When El Granada resident Claude Kment said goodbye to his wife in November, he expected she’d be gone for just a few weeks. What he didn’t know, as she boarded a flight from San Francisco to Guangxi province in China, was that she was headed just 650 miles from the epicenter of the recent coronavirus outbreak.
Kment, who has lived on the Coastside for nearly 40 years, said his wife Yan — who preferred not to give her last name — left in the fall to check on her mother’s health and make arrangements for two caretakers to look after her.
But after the coronavirus outbreak swept the country, flights from China to the United States were canceled and Yan has been unable to return. Kment said he communicates with her via messaging app WeChat, which is monitored by the Chinese government.
While the disease is not yet widespread in the province — with just 252 confirmed cases and two reported deaths so far — Kment said no one is taking any chances. The city is on lockdown. From her mother’s condo on the 11th floor, Yan can see that the street below is nearly deserted. No one is out walking around, and few cars pass by on the normally jammed roadways.
Kment said Yan is permitted to leave the house, wearing gloves and a mask, once per week to shop for food and any other necessities. She goes to Walmart, where she can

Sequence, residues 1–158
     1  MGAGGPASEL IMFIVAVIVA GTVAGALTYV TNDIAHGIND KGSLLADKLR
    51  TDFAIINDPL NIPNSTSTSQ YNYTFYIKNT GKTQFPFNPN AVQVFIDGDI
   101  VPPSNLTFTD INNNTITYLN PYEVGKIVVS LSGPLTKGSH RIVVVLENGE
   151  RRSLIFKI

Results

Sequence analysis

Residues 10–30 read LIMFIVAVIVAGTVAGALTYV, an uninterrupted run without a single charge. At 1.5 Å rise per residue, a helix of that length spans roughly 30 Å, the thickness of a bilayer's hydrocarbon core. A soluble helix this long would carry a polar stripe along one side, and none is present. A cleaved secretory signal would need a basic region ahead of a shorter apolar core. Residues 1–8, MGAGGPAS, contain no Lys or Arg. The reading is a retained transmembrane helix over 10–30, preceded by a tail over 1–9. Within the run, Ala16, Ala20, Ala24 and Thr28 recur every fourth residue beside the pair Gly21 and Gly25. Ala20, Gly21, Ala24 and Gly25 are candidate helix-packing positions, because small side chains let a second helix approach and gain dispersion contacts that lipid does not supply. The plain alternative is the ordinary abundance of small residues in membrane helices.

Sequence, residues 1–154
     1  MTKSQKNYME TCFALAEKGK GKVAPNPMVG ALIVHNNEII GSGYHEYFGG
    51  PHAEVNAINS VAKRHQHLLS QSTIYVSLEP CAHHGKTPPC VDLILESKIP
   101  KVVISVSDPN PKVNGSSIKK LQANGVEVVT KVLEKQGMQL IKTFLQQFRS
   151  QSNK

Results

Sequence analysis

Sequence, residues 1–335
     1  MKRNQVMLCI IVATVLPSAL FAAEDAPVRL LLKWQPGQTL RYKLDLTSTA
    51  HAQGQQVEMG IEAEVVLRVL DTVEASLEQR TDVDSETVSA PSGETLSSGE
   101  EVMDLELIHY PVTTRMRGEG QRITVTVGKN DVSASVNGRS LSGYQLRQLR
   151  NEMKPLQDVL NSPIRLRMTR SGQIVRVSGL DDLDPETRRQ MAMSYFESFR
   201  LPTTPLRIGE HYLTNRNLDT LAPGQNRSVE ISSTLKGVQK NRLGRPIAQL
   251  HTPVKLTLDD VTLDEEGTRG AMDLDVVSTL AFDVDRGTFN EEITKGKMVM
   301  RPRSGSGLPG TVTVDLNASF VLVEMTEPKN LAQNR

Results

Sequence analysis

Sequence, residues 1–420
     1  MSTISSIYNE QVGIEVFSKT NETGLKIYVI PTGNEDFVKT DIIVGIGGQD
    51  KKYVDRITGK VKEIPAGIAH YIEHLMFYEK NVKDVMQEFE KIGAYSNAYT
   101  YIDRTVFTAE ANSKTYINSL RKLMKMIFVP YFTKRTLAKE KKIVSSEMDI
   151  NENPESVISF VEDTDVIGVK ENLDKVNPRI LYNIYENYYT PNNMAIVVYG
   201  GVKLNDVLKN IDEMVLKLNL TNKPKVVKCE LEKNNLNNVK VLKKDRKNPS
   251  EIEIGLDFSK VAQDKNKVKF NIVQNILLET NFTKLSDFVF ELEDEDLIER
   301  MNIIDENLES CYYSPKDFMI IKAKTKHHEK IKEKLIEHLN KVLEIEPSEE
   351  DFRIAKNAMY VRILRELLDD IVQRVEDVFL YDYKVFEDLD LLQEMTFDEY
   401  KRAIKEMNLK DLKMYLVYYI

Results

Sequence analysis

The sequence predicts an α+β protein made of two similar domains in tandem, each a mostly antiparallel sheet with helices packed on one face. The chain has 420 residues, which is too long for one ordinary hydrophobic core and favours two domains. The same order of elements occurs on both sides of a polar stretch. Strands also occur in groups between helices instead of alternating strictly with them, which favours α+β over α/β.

get all the supplies she needs, but Kment said the shelves are depleted. People are no
longer allowed to travel from neighborhood to neighborhood, so the caretakers she hired for her mother are not able visit. Her mother is in good heath, but Yan is still worried.
“In terms of food, things seem to be OK,” Kment said. “She is frightened each time that she has to go out and also when she comes back because she doesn’t want to bring (the disease) home.”
In the early weeks of the outbreak, Kment sent boxes of supplies for Yan and her mother. He sent milk power for her mother’s nutrition, American ginseng and chocolate. But he has to be careful. He knows that all of his communications with his wife are being monitored — and, since the new year, he’s no longer allowed to send supplies in the mail.
Kment said Yan finds solace in chatting with her friends who are struggling through the same situation. She watches TV and spends a lot of time cleaning and cooking.
“As time has gone by, it’s been a lot of boredom,” Kment said.
For his part, Kment spends his days worrying. He is constantly checking the news, looking for available flights and trying to decipher just how bad the outbreak has gotten.
“That’s my entire day,” Kment said. “I go to several websites a day so that I can monitor the situation and figure out what my next move might be.”
Yan has a green card. Kment said he’s considered going to China to make sure she can return to the United States, but said he hasn’t made plans to do so yet. Green card holders who are unexpectedly out of the country for more than six months are often questioned extensively upon their return, and sometimes are even barred from reentry. With no end to the spread of the disease in sight, the couple is keeping all of Yan’s canceled plane tickets as proof she intended to return on time.
“She’s worried about getting stuck there permanently,” Kment said.
All Kment can really do, besides check in on her and refresh his news feed, is wait.
“It’s far more difficult for her than me,” Kment said. “I try to keep her upbeat best I can. I don’t know how to do much more than that.”